Mass Air Flow Sensor
A MAF (Mass Air Flow) sensor measures the mass of air passing through the air tube. It is calculated by multiplying air density by air volume. There are several types found on vehicles today. These include the cold wire, heated wire, Karmen Vortex, and vane type MAF sensors. The vane sensor is also known as an airflow meter.
A vane type MAF sensor uses a paddle or door that moves as the air rushes by. This type of sensor utilizes a potentiometer (variable resistor) to send a variable or changing voltage signal to the PCM in proportion to air volume.
A cold wire MAF sensor uses thin metal strips that vibrate as the air passes by. This vibration changes in frequency as does the signal sent to the ECM.
A hot wire MAF sensor has a heated filament like a toaster. The sensor's resistance changes or decreases as cool air passes by the filament. The increase in current to maintain the sensor's heat is converted to a voltage signal and sent to the PCM to adjust the air-fuel ratio.
Because this heated filament gets dirty from time and wear, a cleaning may return the MAF to its normal operating condition. There are many products designed to clean a dirty MAF sensor on the market, and the whole process usually only takes a few minutes. Just remove the sensor and spray the filament until it is clean, then re-install the sensor.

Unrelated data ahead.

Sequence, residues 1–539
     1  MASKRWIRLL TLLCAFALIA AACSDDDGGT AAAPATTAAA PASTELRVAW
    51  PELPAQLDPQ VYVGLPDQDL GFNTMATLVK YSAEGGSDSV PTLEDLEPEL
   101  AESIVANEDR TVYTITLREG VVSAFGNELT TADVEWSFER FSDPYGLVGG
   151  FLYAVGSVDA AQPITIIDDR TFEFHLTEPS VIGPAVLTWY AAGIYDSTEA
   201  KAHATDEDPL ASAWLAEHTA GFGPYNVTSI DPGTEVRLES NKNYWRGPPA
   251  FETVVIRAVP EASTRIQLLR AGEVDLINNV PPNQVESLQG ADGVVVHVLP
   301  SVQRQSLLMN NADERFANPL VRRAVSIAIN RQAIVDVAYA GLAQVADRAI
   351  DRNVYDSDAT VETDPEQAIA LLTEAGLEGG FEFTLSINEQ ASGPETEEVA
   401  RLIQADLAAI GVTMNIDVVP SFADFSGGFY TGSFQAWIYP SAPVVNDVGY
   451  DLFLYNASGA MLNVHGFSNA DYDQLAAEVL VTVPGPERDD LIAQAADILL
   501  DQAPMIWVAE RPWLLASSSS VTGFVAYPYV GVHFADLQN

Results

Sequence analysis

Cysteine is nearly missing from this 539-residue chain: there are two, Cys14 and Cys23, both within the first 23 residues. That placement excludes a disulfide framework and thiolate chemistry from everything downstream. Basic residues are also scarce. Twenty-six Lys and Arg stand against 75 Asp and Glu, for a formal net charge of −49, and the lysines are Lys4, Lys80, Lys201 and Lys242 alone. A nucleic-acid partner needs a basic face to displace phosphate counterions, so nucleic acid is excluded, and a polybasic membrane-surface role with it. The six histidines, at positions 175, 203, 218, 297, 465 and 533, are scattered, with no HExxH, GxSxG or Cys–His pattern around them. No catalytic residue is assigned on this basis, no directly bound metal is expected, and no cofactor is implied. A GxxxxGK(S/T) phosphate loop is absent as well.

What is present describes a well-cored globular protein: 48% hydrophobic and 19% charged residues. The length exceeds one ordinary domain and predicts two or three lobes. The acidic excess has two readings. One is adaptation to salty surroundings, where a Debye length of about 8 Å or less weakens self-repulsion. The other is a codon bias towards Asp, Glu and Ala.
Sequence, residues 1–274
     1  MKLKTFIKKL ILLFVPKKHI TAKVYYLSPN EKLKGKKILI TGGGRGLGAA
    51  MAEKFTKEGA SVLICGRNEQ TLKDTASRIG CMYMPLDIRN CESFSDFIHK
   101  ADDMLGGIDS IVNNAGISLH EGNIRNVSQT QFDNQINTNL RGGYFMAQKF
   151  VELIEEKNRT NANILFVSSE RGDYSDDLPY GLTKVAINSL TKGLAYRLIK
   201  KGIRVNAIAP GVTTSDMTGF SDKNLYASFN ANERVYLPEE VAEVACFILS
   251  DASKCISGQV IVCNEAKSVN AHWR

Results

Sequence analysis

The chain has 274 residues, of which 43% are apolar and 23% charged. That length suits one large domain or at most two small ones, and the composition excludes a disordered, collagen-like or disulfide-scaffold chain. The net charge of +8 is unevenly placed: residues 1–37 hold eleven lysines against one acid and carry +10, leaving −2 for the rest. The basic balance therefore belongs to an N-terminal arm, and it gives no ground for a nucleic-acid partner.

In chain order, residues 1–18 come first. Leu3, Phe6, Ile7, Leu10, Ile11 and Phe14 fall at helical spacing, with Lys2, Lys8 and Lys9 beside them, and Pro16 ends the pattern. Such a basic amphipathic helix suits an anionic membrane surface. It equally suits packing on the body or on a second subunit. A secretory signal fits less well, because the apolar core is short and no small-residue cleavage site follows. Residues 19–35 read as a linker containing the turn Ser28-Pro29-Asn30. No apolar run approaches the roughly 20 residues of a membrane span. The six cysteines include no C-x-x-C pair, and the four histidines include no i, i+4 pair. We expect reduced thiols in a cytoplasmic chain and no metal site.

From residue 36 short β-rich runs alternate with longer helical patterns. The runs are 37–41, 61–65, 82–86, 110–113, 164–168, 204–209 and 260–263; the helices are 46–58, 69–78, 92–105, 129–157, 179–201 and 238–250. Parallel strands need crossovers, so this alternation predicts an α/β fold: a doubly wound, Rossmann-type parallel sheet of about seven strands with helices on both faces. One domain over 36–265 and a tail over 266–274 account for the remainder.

Symptoms of a dirty MAF sensor include loss of power, hesitation and stumble, and reduced gas mileage. At low speeds, a dirty MAF signals the PCM to add fuel, resulting in excessive positive (LTFT) Long Term Fuel Trim. Excessive positive LTFT (+ 10%) typically indicates a persistent lean fuel condition. The PCM will illuminate the check engine light when the fuel trim exceeds 25% in either direction.
The Karmen Vortex air flow meter does the same thing but creates a vortex that is sensed by a photocoupler and a mirror. This signal is converted to a voltage signal to be sent to and interpreted by the PCM.
The MAF sensor provides the ECM and TCM with valuable information regarding engine load. The transmission control unit uses this information for shift control. A mass air flow sensor left unplugged, faulty, or in need of cleaning will affect a vehicle's shift control dramatically.